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How much does it cost to move a piano?

How much does it cost to move a piano?

Moving a piano is unlike any other type of moving. It can't be compared with any other type of furniture, nor can it be compared with any other type of musical instrument. Many people successfully move their upright pianos by themselves, but there are also many pitfalls and many reasons to hire a professional - particularly if you have a grand piano. Prices vary widely across the country, and depending on logistical details at each location, but upright piano moving prices may range from $150-400 for typical local or regional moves, while similar grand piano moves may range at least $100 more due to the break-down and setup that is required. Moving a grand piano safely requires good equipment and careful procedure The smallest upright pianos still weigh in at around 400 pounds, while baby grands may easily weigh 600-700 pounds, and larger grands even more. Full length concert grands can weigh as much as 1,500 pounds. The weight of a piano is...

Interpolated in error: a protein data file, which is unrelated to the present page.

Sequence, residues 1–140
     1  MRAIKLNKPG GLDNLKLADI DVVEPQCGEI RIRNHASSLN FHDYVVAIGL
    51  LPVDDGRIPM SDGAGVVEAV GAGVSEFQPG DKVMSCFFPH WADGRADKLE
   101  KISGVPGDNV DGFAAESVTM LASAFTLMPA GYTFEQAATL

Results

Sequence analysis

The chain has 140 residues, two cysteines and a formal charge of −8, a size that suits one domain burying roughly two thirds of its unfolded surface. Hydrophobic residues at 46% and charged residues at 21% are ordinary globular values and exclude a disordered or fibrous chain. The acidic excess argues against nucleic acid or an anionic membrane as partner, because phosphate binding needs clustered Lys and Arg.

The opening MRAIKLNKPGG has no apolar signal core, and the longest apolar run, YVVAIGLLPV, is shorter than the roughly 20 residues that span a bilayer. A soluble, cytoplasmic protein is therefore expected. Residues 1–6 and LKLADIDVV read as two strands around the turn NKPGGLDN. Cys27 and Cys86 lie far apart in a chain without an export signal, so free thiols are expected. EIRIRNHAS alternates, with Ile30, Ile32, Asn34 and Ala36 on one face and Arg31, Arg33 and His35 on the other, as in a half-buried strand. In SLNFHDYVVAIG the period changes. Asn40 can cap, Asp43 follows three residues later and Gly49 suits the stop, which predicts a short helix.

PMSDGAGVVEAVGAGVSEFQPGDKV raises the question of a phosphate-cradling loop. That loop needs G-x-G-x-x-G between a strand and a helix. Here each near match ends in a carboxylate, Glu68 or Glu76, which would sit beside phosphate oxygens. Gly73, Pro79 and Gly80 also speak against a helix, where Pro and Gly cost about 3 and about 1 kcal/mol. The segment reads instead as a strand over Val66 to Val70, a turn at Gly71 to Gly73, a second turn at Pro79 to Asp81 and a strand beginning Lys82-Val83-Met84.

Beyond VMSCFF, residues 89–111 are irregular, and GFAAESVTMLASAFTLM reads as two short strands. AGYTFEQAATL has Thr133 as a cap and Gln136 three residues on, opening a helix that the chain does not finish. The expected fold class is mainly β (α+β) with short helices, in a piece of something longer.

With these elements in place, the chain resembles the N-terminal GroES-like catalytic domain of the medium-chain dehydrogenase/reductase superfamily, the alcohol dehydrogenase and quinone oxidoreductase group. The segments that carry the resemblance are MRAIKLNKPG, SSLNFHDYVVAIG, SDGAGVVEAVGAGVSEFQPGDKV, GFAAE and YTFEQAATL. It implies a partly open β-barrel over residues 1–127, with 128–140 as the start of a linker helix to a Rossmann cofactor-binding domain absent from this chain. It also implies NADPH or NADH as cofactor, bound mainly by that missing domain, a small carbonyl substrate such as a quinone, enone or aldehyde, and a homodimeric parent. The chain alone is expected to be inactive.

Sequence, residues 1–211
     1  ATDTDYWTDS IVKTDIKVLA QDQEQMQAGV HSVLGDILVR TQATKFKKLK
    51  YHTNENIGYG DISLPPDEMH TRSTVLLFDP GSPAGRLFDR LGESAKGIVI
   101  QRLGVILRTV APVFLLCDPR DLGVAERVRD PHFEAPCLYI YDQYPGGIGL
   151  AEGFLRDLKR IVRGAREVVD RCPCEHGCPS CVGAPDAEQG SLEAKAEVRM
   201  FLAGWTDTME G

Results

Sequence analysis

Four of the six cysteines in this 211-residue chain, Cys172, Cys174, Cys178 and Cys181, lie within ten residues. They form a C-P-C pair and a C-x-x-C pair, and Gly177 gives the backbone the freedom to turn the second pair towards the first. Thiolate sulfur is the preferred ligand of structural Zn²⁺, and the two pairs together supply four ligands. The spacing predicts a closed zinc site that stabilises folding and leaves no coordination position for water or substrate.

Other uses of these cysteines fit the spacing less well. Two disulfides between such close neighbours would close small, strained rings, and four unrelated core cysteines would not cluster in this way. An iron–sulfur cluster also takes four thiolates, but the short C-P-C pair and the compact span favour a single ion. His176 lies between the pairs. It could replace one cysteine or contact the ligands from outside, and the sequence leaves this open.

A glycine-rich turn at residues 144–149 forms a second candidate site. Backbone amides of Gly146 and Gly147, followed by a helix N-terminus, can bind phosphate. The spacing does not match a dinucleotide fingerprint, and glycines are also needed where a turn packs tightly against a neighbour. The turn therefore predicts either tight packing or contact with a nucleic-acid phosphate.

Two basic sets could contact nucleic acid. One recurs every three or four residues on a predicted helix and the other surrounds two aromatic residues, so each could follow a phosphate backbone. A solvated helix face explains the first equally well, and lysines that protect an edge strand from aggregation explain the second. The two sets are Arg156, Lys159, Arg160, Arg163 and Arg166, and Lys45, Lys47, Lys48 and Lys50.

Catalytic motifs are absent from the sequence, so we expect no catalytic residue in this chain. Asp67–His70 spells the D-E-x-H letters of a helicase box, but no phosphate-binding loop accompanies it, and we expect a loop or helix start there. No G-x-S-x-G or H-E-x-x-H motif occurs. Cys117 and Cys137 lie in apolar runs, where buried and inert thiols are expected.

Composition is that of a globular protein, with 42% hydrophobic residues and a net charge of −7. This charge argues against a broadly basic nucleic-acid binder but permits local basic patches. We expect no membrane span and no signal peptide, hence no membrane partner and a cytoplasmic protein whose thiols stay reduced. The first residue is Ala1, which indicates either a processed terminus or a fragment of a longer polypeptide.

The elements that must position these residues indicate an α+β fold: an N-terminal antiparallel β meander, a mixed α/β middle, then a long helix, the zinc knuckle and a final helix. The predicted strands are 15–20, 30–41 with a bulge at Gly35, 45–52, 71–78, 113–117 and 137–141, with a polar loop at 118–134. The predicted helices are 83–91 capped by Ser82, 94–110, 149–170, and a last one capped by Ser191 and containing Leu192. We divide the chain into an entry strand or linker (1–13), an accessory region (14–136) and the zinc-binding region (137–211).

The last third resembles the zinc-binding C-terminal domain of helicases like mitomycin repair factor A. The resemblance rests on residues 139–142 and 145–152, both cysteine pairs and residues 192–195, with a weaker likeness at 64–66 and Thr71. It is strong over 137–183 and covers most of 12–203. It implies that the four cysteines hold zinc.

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What is a Registered Piano Technician (RPT)?

What is a Registered Piano Technician (RPT)?